LS: That’s such a cool question. So, take for example iambic meter. It’s an unstressed followed by a stressed beat. And in English, you’re right, it naturally follows that cadence. And, yeah, I can’t imagine something killing Max’s piece more quickly than that kind of regular, monotonous footwalking of the English language.
The piece begins as Eurycide wakes up. She is getting used to her new surroundings, getting used to her new physical form, and if she were to begin to articulate this in our language’s natural cadences it wouldn’t make sense with what she is experiencing. She’s totally freaked out and so fragmented language needs to reflect that. I think that in poetry, after initial drafting, you want to find the form that fits the subject matter, and so that idea really helped me throughout the process for sure.
ZS: Great. Let’s talk a little bit more about your own work. You were kind enough to send me a few of your pieces in advance. There were two things that really jumped out to me about them, and I’d love to know how these features might be present in your Eurydice libretto. One of them is the way that everyday ritual and plain tasks are intertwined with really heavy observations and really weighty big life questions.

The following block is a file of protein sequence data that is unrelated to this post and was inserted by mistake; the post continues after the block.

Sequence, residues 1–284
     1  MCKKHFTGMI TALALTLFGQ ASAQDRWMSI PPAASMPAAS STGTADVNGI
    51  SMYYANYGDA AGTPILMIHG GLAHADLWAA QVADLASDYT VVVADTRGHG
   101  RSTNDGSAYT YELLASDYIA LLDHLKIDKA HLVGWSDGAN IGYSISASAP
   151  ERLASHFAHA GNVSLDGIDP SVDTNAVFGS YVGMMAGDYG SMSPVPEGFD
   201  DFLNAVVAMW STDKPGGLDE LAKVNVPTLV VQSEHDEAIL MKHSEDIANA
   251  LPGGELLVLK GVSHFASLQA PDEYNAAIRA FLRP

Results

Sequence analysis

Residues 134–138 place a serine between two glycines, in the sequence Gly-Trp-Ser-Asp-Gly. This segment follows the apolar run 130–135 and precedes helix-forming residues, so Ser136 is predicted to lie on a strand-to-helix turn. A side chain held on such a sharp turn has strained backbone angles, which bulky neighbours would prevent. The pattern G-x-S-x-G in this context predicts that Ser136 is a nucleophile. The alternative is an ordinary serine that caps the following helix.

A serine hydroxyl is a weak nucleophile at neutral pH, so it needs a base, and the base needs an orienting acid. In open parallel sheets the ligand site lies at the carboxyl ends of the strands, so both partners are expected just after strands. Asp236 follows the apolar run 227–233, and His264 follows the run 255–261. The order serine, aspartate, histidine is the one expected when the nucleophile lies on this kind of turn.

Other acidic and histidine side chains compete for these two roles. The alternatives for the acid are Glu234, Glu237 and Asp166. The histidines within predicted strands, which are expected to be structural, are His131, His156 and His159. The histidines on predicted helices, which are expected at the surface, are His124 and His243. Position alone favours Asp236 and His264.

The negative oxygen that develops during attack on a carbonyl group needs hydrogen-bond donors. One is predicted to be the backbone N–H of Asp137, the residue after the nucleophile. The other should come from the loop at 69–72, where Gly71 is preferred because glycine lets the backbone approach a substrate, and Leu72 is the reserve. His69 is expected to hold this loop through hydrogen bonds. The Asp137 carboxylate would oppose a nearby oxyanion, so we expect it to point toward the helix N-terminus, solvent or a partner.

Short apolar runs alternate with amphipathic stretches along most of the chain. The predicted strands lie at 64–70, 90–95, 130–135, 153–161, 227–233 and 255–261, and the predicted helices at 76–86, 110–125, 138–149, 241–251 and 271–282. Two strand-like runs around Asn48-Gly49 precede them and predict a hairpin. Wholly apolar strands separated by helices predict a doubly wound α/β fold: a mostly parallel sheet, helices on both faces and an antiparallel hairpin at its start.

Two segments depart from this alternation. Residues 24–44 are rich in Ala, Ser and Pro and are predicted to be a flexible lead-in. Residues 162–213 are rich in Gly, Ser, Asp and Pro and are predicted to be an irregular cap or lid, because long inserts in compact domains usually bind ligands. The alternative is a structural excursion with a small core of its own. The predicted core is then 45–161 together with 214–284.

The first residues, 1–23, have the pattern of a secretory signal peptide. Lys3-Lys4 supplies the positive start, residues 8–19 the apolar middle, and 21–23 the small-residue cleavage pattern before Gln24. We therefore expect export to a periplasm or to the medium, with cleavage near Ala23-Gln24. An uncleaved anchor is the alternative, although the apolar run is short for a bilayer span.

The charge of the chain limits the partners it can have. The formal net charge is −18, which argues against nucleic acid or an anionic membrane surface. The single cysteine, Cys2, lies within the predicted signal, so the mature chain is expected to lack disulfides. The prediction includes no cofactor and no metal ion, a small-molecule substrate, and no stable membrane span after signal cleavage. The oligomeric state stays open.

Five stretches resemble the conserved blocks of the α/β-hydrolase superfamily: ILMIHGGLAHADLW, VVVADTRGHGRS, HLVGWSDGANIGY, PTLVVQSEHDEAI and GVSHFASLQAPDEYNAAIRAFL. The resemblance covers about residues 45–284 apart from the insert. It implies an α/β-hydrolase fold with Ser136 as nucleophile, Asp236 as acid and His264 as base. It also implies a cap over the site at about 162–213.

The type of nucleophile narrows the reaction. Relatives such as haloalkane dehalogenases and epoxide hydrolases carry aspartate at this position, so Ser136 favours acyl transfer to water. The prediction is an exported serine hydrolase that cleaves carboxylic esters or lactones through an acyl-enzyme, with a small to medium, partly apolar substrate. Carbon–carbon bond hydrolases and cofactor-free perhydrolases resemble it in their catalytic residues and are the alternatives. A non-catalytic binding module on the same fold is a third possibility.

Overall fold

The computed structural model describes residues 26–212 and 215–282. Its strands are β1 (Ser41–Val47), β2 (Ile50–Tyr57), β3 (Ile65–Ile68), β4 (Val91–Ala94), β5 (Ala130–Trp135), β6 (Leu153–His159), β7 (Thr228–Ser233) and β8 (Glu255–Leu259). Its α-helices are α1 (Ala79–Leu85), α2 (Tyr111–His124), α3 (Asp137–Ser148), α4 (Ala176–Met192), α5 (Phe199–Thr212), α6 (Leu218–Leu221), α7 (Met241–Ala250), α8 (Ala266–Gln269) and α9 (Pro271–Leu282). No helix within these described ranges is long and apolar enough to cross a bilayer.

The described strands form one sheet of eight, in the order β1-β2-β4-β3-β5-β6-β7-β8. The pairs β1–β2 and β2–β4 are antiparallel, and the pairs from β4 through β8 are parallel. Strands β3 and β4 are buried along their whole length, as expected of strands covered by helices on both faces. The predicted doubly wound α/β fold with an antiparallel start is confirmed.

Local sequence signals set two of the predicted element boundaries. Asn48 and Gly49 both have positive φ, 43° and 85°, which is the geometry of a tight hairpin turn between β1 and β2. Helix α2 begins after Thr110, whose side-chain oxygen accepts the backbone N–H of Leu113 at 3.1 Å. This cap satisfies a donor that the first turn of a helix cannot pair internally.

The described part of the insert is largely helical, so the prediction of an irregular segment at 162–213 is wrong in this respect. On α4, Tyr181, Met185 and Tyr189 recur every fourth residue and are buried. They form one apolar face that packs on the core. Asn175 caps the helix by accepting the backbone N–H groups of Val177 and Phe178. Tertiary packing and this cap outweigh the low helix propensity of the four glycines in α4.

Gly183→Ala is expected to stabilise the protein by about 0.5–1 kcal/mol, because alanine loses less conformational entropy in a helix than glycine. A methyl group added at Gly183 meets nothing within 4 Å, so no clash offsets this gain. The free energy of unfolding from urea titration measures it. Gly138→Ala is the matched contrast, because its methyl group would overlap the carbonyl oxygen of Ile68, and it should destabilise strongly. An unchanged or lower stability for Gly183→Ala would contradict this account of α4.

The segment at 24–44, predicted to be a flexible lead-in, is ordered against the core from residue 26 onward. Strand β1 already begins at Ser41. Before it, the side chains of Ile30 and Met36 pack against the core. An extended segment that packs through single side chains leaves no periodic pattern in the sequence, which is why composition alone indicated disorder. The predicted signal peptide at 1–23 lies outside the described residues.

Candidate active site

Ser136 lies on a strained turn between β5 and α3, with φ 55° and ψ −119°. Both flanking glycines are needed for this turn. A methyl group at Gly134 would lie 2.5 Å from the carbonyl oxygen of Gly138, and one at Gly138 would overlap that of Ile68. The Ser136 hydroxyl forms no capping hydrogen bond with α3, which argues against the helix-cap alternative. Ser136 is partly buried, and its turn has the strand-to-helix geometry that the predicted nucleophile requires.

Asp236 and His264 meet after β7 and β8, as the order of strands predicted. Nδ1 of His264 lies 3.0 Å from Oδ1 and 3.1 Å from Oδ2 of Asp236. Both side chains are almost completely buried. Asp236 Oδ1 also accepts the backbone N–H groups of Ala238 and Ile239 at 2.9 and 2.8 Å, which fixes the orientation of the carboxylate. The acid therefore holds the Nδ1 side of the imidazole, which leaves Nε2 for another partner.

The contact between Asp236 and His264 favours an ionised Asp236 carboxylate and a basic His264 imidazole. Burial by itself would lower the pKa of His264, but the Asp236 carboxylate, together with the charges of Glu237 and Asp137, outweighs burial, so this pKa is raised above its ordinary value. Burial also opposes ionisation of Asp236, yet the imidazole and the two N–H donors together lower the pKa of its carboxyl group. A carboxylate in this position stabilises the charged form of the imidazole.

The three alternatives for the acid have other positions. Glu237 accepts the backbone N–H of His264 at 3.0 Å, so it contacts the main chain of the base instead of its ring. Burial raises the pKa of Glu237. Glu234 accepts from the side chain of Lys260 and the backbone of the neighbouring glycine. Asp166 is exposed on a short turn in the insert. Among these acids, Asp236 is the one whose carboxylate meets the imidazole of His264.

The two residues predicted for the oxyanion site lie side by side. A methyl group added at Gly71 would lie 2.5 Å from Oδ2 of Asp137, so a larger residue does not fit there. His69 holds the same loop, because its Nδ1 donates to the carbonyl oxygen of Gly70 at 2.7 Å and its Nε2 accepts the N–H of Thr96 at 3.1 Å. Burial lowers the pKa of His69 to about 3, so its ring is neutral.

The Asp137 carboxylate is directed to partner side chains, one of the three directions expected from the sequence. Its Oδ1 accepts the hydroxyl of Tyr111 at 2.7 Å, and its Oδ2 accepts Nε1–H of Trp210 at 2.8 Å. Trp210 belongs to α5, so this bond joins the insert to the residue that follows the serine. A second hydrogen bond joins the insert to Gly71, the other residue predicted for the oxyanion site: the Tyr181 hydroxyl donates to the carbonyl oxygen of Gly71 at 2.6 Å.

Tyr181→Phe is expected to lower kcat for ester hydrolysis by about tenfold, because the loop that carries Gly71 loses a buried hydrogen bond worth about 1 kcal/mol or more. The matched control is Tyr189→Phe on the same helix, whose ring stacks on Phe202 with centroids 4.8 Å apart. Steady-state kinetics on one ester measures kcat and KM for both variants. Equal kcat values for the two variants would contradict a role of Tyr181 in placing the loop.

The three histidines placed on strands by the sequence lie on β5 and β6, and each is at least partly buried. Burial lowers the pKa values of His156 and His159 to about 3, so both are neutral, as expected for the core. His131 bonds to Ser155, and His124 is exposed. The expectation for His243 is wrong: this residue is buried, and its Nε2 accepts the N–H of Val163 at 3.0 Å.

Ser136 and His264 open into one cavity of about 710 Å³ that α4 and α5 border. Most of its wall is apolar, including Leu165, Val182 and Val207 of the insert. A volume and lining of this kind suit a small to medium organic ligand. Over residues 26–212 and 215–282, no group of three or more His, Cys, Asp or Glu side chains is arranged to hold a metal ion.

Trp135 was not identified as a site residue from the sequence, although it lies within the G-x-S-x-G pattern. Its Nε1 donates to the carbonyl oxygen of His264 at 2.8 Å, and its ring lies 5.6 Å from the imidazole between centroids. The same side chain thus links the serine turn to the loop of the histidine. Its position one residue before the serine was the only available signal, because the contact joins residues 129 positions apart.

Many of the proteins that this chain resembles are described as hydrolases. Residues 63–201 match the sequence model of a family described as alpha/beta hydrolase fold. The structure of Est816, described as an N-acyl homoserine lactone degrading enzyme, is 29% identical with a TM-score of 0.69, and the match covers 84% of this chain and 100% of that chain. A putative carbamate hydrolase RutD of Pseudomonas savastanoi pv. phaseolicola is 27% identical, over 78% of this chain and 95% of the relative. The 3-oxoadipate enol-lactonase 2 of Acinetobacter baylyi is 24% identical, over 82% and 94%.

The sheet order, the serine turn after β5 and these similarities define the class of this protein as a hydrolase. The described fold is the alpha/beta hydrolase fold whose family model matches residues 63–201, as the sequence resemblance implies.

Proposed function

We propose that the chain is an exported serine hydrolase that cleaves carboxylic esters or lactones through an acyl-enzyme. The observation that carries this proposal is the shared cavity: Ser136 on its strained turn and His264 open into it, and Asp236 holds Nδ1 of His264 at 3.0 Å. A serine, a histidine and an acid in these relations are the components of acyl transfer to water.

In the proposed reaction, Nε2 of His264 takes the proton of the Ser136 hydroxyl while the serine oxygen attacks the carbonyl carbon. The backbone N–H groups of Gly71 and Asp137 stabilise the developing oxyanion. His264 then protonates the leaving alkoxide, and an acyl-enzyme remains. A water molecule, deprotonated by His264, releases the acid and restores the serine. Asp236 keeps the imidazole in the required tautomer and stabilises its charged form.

ZS: For example, I was struck by one image of walking down the stairs every day and seeing the same dead moth on the window sill. You noticed it when you moved into the house and it’s still there as you’re pregnant, and eventually your son is born. Finding meaning and value and life in these daily actions is really meaningful and valuable, to me, personally. Can you talk about where that comes from and how that filters into your work?
[to read Pulse in full, please click here]
LS: Sure. I think you’re asking about writing; about daily-ness and maybe the mundane. If you look closely, even the most domestic, most dull moment can take on these crazy metaphysical dimensions. I guess I’m interested in that, because that’s what our lives are made of. It all adds up.
The poem that you’re talking about—I mean, I couldn’t explain death to my kid, basically. The poem isn’t necessarily factual—poems usually aren’t—but it is an amalgam of things that happened, or things that sort of happened, or just ideas and images that amplify what I’m trying to get at. But this idea that passing a moth that’s dead in the window every day and having your son look at that moth and ask “Why can’t it fly? Doesn’t it miss its mother?” And then, not being able to explain to him that that moth is dead because…well, why?